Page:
So you decide pick a book or two off a must-read list of 25, and one of them is Bright Lights, Big City by Jay McInerney and you open it up to find that it’s a first person narrator writing in the second person. You’ve heard of this phenomenon, but never encountered it and are fascinated with how it goes. For a while. Then, more and more, you feel like the narrator is calling “you” “you” and you object that you aren’t in this night club at all but reading about someone who’s in this night club and calling himself “you” when he really means “I.” The more this goes on, the more annoyed you become.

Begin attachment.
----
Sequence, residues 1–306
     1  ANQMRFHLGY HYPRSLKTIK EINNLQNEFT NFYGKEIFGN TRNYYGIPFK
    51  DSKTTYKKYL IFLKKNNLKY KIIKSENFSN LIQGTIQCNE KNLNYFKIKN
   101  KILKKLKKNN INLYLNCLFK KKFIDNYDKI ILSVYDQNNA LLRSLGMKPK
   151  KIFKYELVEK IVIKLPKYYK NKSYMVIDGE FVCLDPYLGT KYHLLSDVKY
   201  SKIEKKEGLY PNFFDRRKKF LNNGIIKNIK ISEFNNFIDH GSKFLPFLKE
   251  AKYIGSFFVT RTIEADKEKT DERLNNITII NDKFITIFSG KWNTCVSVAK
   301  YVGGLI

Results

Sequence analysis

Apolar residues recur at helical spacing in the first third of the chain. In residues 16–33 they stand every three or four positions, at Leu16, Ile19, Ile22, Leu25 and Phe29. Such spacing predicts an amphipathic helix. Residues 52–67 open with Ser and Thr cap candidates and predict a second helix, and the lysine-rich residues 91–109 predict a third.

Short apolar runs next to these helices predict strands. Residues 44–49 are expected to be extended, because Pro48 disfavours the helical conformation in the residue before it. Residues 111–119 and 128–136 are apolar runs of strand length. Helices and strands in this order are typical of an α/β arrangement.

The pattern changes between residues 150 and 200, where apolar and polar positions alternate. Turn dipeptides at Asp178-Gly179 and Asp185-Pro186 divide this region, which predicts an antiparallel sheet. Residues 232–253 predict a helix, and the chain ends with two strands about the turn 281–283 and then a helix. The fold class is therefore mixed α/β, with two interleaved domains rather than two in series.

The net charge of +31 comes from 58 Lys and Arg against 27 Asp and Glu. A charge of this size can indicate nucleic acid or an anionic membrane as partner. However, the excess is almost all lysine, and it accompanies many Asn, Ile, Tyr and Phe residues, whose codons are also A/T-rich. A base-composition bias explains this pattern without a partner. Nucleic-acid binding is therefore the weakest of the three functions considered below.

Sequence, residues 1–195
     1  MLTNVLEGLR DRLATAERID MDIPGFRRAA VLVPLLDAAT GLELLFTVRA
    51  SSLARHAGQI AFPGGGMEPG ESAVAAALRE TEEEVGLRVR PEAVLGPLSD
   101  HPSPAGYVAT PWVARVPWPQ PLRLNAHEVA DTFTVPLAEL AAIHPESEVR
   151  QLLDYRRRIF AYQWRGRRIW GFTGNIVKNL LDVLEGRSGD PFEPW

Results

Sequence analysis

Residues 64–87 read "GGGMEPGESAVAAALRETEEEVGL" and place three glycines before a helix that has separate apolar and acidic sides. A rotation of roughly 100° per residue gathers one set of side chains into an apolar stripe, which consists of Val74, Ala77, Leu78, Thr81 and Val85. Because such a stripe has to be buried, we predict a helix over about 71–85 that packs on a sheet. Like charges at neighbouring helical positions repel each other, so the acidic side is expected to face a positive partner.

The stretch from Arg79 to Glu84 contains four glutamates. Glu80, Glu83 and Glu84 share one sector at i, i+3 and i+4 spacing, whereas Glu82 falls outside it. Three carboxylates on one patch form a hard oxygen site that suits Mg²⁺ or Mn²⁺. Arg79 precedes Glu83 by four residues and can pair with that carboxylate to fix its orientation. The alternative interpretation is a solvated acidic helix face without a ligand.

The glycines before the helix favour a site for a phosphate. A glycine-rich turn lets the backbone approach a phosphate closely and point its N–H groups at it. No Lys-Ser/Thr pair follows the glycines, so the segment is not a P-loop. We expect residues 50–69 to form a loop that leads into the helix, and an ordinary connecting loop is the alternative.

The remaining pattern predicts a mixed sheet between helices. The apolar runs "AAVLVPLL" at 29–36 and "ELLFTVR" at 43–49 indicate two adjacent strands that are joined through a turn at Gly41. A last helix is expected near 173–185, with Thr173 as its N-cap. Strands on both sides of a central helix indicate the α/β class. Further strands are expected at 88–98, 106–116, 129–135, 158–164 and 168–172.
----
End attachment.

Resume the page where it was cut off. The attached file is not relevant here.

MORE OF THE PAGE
You also become annoyed at the constant clubbing and coke-sniffing as well as at the strained trying-too-hard-for-laffs prose:
The layout suggests a condo for high-rise gophers. . . If Chess teams had locker rooms they might look like this.
And so on. So, after about fifty pages, despite the ecstatic cover blurbs by the likes of Tobias Wolfe and George Plimpton, you decide you might as well move on to a place where the writer knows the difference between his character and the reader reading about his character and you bid you good-bye.